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January 28, 2016 Article 6 min read
Here's how one large health system jumped right in to Medicare’s bundled payments initiative. Ignore the coming changes at your peril; organizations that sit on their hands will lose ground.

I am convinced that if the rate of change inside an organization is less than the rate of change outside, the end is in sight. — Jack Welch, former CEO, GE

Deciding whether and when to adopt an innovation is among a leader’s most critical duties. Today, healthcare leaders are faced with an array of alternative payment models. But which ones have staying power? And how can healthcare providers make these new models work when most of their revenue is still coming from fee-for-service payments?

Trinity Health is placing its bet on bundled payments. In April 2015, 32 Trinity Health hospitals, 12 skilled nursing facilities, and three home health agencies entered the risk phase of Medicare’s Bundled Payments for Care Improvement initiative (BPCI).

The Centers for Medicare and Medicaid Services (CMS) initiative, which reimburses healthcare facilities and providers for an entire episode of care rather than for each individual service, aims to improve care coordination and quality while lowering costs.

Trinity Health’s primary goal in participating in the program is to “gain experience in risk-based payment and longitudinal patient care,” says John Capasso, executive vice president of the Continuing Care Group at Trinity Health. “We felt like we needed to get in the game to learn how to do this.”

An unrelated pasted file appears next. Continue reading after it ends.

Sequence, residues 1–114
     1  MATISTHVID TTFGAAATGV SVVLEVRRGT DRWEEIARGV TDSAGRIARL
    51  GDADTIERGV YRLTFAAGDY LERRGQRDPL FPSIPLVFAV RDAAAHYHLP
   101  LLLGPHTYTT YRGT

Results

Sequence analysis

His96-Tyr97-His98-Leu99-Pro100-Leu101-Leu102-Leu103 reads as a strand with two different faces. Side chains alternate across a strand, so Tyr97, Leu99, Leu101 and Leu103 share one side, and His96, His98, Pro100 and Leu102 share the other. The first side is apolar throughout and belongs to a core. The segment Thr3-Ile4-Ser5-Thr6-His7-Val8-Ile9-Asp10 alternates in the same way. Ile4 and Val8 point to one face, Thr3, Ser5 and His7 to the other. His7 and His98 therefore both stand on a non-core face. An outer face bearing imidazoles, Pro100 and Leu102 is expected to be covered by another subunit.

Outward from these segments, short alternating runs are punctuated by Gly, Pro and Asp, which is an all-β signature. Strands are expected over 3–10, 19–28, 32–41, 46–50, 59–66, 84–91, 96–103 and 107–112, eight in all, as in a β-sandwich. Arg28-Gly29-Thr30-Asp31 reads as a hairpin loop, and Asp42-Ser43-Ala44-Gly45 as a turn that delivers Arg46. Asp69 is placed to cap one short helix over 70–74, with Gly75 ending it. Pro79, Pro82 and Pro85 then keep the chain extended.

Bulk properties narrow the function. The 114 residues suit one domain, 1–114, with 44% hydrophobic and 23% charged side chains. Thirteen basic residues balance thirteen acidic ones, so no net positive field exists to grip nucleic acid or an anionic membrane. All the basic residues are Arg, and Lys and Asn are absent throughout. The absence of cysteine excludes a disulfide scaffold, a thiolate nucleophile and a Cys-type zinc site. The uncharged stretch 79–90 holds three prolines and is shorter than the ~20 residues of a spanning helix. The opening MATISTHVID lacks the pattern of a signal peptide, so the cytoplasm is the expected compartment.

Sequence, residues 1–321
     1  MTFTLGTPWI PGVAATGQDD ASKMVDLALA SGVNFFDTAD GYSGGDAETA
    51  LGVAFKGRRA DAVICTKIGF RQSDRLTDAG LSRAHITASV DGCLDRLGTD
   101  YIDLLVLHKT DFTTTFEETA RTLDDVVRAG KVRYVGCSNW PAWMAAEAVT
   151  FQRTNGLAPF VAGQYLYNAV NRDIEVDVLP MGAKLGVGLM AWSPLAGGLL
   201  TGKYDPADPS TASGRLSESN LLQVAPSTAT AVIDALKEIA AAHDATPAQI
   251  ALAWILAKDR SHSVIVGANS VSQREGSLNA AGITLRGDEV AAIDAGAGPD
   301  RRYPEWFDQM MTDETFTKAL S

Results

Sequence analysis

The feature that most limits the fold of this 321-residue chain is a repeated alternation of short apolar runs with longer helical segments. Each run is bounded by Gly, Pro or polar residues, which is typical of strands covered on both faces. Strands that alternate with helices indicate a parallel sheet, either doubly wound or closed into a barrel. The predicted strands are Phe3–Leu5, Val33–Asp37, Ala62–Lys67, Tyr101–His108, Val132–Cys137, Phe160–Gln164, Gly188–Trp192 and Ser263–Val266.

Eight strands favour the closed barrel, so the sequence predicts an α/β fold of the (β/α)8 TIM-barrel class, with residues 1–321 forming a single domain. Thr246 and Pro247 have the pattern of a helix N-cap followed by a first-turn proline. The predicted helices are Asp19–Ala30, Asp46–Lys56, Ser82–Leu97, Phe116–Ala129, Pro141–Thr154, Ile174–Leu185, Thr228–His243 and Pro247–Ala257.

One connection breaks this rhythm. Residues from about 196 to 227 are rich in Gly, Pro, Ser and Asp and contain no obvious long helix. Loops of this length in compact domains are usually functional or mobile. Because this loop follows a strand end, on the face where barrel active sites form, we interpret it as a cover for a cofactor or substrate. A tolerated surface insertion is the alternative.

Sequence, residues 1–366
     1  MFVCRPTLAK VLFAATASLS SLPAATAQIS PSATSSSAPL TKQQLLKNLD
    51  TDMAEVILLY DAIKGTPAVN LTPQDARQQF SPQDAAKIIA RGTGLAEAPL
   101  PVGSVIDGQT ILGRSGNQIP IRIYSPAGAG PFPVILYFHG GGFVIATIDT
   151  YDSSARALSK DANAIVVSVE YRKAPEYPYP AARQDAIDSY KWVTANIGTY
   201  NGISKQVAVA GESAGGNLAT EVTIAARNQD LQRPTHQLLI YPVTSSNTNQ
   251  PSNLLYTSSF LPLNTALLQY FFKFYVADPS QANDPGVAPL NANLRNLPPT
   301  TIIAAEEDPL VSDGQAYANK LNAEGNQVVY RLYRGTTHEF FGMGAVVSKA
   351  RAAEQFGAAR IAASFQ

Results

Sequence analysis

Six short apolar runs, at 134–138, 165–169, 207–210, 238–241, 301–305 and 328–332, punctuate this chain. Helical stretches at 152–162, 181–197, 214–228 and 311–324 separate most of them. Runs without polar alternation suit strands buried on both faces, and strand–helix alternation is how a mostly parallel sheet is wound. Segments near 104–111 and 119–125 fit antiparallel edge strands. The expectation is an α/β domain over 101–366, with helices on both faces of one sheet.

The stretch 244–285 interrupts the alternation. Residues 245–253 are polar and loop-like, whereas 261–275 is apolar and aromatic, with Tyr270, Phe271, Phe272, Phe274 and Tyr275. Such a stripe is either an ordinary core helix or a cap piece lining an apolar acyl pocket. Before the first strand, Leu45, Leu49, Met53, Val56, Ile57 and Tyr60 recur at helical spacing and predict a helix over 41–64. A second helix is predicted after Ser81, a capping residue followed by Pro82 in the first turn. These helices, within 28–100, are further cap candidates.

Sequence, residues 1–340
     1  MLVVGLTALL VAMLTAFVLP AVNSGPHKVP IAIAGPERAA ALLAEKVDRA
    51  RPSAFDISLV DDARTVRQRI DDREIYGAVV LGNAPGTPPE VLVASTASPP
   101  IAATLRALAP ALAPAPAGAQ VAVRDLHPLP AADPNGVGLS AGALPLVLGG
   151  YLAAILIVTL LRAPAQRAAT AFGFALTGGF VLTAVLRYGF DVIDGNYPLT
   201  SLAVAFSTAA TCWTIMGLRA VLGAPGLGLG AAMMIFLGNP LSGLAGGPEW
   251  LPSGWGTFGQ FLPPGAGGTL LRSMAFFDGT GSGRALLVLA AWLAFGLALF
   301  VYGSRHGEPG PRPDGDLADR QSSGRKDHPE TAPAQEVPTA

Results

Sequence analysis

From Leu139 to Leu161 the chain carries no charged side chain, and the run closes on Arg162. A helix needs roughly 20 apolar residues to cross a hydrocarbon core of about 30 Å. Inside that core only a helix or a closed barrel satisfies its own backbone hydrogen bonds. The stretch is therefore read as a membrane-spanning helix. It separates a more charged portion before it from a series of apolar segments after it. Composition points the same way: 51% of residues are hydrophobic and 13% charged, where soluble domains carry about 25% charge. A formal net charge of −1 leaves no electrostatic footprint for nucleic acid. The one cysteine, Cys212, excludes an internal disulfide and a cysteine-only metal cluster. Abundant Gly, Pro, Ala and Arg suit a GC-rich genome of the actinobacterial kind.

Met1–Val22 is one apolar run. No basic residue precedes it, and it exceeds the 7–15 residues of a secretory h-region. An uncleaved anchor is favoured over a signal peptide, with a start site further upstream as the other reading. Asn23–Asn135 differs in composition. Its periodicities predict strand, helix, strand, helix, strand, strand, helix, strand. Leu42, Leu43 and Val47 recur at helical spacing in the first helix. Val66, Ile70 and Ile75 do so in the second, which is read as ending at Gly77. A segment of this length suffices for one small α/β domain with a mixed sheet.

With Medicare throwing its considerable weight behind alternative payment models, healthcare providers that get in early will be more competitively positioned for success when these payment models become standard operating procedure. On the flip side, organizations that sit on their hands will quickly lose ground.

Capasso warns that the Department of Health and Human Services has the power to convert BPCI into permanent policy anytime within three to five years of the pilot project’s 2013 launch.

“When HHS makes a determination about a new payment system, all providers will be subject to it,” Capasso says.

CMS recently showed that it’s serious about this shift from volume to value with a proposal that would make bundled payments mandatory for joint replacements in more than 75 locations. This bundled payment proposal is huge news, especially for those providers who assumed that bundled payments would remain voluntary for the foreseeable future.

Still need a reason why you should care about bundled payments now? “

Even if you’re not in the bundled program, you may have hospitals in your market or physician group practices that are in these bundles, and you have the potential for them to discharge patients to you,” Capasso says. “So if you haven’t done care redesign, you need to be thinking about it and anticipating that you’re going to work with the bundled framework going forward.”

How bundled payments work

After launching BPCI in 2011, CMS announced the first set of participating organizations on January 31, 2013.

The pilot consists of two phases. During Phase I, or the preparation period, facilities choose the bundles in which they will participate. CMS makes this decision easier by supplying each participating facility with baseline pricing from 2009–2012 for each of 48 DRGs requested by the facility, alongside the facility’s actual claims data for each DRG. “It was an easy decision, if our claims were already less than the target price,” Capasso says.

Phase II is the period during which facilities that have been approved by CMS assume financial risk for the chosen DRGs. The final date for healthcare facilities to decide whether they will move forward with the risk-bearing phase of the program was Oct. 1, 2015.

BPCI is comprised of four models of care.